It’s almost 6-months since Oracle completed its acquisition of Sun Microsystems and some of us are already looking ahead to the Oracle OpenWorld, Oracle Develop and JavaOne exhibition and conference in San Francisco.
At the time of the initial announcements, there were ‘dark predictions’ by many within the open source community over the future for Java and the open source relational database MySQL.
So how has it been going so far?
Image: Duke – the Sun Java mascot
There is a generally accepted edict in the technology publicity business that when you run out of news and product announcements, the best idea is to commission a survey for the hell of it. Despite this reality of ‘lies, damn lies and statistics’ – on the face of it, the poll carried out by open source BI player Jaspersoft may have some validity.
The company polled 130,000 customers and community members and found ‘people’ are planning to do more with MySQL and Java under Oracle than Sun. I’m slightly worried by the fact that the company used the term people rather than programmers (or IT professionals at least), but let’s continue.
According to Jaspersoft, “The survey was conducted in April 2010 using a random sampling of Jaspersoft community members and customers and resulted in over 500 respondents. Most respondents held development and engineering roles within their organisations and nearly 15 percent worked for organisations with more than 5,000 employees.”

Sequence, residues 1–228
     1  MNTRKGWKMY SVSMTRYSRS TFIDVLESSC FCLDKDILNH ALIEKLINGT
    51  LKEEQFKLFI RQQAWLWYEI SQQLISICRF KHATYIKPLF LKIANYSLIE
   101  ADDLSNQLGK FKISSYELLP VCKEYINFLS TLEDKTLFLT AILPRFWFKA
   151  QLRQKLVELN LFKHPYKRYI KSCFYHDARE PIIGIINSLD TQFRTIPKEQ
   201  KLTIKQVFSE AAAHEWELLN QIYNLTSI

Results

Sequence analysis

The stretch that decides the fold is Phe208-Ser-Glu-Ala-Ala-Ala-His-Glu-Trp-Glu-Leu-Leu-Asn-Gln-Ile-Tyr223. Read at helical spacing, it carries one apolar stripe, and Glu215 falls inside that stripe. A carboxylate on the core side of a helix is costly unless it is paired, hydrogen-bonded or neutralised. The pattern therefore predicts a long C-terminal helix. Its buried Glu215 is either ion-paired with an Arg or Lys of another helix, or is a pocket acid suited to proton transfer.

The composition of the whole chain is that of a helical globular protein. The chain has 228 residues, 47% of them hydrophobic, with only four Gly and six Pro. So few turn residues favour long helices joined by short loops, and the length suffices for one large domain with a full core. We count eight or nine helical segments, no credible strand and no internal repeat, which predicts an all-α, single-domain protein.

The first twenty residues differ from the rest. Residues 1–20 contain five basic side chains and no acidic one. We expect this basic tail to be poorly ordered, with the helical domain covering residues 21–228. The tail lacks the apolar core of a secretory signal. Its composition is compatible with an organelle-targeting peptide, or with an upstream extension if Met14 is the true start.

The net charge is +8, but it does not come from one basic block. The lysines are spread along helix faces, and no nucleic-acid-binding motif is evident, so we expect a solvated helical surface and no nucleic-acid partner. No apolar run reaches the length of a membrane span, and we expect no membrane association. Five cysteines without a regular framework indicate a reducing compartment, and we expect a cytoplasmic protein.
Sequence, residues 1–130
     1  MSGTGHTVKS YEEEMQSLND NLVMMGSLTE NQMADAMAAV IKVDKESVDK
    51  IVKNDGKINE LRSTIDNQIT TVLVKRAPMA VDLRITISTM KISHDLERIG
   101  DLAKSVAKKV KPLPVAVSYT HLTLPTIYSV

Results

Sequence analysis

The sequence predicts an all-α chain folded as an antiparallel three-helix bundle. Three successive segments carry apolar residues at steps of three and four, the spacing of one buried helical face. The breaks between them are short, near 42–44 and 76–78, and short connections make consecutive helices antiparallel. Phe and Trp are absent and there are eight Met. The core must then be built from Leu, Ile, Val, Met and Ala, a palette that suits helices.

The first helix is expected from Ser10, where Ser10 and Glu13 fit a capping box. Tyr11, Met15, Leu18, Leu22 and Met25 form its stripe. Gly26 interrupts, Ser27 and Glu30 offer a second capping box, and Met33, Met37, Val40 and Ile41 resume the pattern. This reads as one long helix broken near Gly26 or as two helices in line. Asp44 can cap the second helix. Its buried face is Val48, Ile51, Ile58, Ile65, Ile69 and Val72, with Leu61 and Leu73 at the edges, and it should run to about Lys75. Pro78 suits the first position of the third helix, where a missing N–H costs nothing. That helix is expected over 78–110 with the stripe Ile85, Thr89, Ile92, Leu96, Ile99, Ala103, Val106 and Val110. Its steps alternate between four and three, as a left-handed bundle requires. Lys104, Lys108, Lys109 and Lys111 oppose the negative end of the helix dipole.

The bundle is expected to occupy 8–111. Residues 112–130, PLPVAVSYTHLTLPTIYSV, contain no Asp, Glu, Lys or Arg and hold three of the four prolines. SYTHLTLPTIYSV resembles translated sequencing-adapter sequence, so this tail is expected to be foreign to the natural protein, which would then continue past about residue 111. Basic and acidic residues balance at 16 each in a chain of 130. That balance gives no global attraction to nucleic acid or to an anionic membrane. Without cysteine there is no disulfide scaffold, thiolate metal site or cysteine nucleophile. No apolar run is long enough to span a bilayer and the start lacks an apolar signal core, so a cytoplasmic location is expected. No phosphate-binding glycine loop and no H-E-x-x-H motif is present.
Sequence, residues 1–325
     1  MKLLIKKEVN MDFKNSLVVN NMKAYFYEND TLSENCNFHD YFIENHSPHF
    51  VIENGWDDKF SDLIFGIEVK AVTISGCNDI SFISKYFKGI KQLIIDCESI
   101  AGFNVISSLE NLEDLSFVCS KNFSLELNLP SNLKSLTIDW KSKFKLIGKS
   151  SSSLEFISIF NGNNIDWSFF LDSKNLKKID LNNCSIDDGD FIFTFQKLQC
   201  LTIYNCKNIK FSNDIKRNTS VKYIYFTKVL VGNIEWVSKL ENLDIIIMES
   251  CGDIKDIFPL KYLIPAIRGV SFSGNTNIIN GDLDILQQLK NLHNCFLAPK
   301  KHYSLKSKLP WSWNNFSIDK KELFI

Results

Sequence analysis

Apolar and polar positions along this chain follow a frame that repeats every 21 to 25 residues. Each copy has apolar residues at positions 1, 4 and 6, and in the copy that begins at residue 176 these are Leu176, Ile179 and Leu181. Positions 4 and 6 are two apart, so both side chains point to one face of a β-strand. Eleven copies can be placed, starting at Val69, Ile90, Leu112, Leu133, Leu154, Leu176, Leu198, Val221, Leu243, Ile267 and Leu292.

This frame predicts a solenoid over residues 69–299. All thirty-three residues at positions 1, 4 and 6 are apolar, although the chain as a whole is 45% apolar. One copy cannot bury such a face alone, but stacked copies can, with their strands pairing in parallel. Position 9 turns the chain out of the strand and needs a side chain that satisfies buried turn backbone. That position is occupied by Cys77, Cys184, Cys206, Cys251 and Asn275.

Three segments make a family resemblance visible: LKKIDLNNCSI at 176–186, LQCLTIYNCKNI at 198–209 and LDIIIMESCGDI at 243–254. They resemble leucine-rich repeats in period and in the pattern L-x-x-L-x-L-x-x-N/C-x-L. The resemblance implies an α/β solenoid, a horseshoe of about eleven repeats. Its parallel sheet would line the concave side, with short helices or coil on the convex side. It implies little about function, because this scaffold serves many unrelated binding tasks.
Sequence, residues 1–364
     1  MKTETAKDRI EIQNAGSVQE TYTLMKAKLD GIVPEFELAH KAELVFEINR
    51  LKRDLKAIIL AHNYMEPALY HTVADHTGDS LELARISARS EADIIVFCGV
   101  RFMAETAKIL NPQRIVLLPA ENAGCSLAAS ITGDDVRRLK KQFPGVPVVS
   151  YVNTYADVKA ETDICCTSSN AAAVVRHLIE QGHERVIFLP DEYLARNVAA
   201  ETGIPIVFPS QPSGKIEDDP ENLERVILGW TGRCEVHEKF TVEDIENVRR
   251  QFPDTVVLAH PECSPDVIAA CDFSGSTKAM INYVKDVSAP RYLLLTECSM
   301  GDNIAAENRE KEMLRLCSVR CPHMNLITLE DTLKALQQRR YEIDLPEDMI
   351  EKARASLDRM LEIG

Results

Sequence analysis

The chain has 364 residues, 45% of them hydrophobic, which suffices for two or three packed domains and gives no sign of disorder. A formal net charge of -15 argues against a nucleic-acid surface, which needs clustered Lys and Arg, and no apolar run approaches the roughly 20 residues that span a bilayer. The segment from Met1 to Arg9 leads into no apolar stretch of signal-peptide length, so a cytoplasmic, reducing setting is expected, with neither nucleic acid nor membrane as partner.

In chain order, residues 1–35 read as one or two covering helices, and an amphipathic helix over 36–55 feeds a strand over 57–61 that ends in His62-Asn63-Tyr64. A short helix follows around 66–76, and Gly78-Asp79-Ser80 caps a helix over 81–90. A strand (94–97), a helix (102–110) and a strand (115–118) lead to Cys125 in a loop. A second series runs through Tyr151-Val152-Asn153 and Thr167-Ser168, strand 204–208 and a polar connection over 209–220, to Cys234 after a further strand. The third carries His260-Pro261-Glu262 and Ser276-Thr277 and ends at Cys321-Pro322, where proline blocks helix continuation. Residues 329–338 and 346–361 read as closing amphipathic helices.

Hmm, OK I see. 130,000 surveyed translated to 500 respondents does it? Well OK, that’s still worthy enough I suppose.
“It’s clear that our enterprise customers and community are prepared to give Oracle the benefit of the doubt. It’s likely that the software industry may see a resurgence in the use of Java, good news for the massive investments made by many organisations and professionals in this programming language,” said Brian Gentile, CEO of Jaspersoft.
Open source software adoption in global enterprises has maintained pace in recent years. IDC forecasts that worldwide open source software (OSS) revenues will exceed US$8 billion by 2013, with an annual compound growth rate of 22.4%, exceeding almost every other software category in annual increases. Readers can click here to download a copy of the complete survey results.
“It was a misconception to think Oracle would kill off MySQL,” said Michael Fauscette, group VP of software business solutions at IDC. “Oracle is not new to open source software with projects like InnoDB, Unbreakable Linux, Berkeley DB, etc. and with the addition of Sun’s portfolio of OSS, Oracle arguably became the world’s largest OSS vendor. Oracle continues to target MySQL to areas of the market where it is a good fit over Oracle’s database products (small and medium business for example). What’s interesting now is seeing if Oracle can improve transparency, openness and foster stronger communities, something Sun was consistently criticised for.”